Filed under Canadian History, Local History, The Historical Tourist

The Historical Tourist visits George Brown House

Last weekend I headed into the city to participate in Doors Open Toronto, an annual event in which “buildings of architectural, historic, cultural, and social significance open their doors”. Inspired by similar events in France, which launched its Doors Open program in 1984, and Glasglow, which followed in 1990, Toronto has been holding its Doors Open program since 2000. During the event admittance to all participating buildings is free and buildings not normally open to the public are showcased. Such is the case with George Brown House, a National Historic Site that is now used as a conference centre with tenant offices on the upper floors.

Originally called Lambton Lodge, the house was built between 1874 and 1876 for George Brown, his wife Anne, and their children. After George Brown’s death, the property was occupied by Duncan Coulson, the President of the Bank of Toronto, until 1916, when it was purchased by the Canadian National Institute for the Blind and used as office space. It was declared a National Historic Site in 1976 but only a decade later was threatened with demolition. Thankfully the Ontario Heritage Trust rescued this beautiful property, restoring and re-opening George Brown House in 1989.

This example of Second Empire style architecture, so named for the French elements that were popular during the Second French Empire under Napoleon III, was the least captivating of the three historic buildings I visited, likely due to its commercial and private function, but was still worth visiting. On my visit the first and basement floors were open to visitors. While the basement floor contained mostly conference rooms, the main floor held two big draws.

One was the dining room, which was originally remodeled by the Coulsons in 1890 and has been restored to that period. Decorated in the Art Nouveau style, it has a “boardroom feel” to it, as the man on hand to answer questions explained, and features wallpaper that resembled William Morris designs.

Unsurprisingly, it was the library that appealed to me the most. The gorgeous Victorian library was re-created by the government and features 2000 of George Brown’s personal books.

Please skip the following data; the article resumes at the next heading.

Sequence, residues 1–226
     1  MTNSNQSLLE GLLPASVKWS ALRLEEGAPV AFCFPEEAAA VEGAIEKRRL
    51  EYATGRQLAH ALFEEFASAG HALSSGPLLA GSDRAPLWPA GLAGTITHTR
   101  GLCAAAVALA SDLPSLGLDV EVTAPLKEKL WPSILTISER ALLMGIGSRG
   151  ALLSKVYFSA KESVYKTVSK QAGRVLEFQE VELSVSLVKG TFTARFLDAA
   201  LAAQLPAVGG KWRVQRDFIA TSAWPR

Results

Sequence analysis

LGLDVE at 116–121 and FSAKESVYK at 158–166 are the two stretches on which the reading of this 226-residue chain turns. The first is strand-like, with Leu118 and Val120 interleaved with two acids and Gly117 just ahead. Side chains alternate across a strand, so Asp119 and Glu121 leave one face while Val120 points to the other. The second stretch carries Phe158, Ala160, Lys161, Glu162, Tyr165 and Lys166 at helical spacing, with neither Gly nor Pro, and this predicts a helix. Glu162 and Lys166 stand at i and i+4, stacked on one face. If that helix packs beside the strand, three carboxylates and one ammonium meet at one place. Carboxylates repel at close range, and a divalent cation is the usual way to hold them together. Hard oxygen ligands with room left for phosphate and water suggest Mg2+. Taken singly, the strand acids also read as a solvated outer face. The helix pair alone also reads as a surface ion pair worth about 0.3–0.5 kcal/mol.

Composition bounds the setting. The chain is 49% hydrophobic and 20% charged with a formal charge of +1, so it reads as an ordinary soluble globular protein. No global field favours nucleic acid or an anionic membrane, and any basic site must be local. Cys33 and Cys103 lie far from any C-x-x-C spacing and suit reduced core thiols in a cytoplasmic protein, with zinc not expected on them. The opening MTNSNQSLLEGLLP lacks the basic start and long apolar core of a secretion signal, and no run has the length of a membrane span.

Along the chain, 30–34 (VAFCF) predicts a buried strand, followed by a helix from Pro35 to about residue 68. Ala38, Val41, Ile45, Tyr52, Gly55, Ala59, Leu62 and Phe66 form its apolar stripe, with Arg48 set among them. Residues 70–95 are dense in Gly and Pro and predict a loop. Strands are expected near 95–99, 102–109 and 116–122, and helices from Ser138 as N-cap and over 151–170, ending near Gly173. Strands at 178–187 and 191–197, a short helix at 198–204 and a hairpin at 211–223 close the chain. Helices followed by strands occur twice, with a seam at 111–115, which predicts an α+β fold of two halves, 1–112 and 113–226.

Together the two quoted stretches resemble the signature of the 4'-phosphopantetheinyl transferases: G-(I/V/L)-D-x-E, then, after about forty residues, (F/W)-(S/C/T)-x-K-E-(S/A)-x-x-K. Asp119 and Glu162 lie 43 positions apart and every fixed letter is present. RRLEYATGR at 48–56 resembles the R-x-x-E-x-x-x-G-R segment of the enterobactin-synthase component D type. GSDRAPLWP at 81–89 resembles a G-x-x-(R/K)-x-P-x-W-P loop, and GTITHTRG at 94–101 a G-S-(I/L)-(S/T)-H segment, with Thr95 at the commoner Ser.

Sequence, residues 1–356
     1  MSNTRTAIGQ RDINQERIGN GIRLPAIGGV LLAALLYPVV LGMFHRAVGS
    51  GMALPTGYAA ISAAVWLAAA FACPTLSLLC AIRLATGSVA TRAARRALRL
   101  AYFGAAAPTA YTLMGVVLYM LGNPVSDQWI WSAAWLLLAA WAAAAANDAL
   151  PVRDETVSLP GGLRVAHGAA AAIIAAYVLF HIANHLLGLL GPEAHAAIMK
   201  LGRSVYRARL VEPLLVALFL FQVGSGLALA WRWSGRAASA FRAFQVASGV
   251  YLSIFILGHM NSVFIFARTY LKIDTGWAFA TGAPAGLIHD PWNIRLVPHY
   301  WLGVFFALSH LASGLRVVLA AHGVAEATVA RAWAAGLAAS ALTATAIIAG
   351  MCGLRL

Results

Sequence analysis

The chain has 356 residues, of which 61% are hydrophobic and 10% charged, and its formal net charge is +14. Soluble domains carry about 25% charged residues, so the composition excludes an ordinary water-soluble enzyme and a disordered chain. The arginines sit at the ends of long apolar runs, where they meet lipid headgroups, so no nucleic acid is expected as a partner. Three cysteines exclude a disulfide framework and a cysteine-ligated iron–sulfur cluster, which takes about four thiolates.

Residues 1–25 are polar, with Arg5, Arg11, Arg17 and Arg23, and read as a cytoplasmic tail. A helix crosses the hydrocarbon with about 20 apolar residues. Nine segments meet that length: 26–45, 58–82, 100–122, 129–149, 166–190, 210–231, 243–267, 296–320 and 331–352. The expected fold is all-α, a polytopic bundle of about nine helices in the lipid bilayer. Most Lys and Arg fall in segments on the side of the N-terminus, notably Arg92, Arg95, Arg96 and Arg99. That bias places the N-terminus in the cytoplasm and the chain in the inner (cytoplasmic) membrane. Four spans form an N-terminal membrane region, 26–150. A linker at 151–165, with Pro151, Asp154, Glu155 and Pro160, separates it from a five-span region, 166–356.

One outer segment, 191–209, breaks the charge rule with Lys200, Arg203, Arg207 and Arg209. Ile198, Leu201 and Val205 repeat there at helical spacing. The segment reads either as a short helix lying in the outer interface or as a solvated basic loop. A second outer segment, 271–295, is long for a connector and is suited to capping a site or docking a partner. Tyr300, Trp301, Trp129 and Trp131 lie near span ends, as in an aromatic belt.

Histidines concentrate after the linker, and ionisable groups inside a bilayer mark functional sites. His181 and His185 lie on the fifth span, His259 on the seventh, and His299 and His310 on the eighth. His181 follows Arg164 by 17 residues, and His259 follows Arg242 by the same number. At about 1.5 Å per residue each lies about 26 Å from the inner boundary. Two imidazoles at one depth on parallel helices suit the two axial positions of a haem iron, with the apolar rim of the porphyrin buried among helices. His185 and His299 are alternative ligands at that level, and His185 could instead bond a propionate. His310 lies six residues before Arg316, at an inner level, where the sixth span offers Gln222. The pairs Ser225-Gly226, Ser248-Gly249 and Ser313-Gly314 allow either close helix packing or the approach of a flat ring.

Nestled amongst the books an information card explained that “Brown’s library reflects his interest in Liberal and reform issues of the period, notably the division between church and state, the establishment of a fairer penal system, and the abolition of slavery.”

I spent a great deal of time leaning sideways so I could read the titles of his many books. Since George Brown played a prominent role in establishing the Toronto Anti-Slavery Society of Canada I was not surprised to see a biography of important British abolitionist William Wilberforce in his personal library along with Wilberforce’s book A Practical View of Christianity. Other books that caught my eye were a work on Prince Metternich, a major player in the Congress of Vienna, a book labelled O’Connell’s speeches, probably referring to the Irish Member of Parliament who achieved Catholic Emancipation, and all four volumes of Stanhope’s Life of Pitt.

Tearing myself away from his collection, I read the short exhibit on George Brown’s life and accomplishments. He may be best remembered in Toronto for the college that bears his name, but his real legacy is as a Father of Confederation and founder of a major newspaper. Scottish-born Brown founded The Globe in 1844 and it became a leading Reform newspaper in Canada. Today we know it as The Globe & Mail!

There aren’t any interactive exhibits or guides in costume but George Brown House is worth a look if you have the chance to visit, especially if you enjoy historical texts. It is normally reserved for offices and private functions though so you may have to admire it from the outside during a walk along Beverley Street or wait for another event like Doors Open Toronto!


Filed under Canadian History, Local History, The Historical Tourist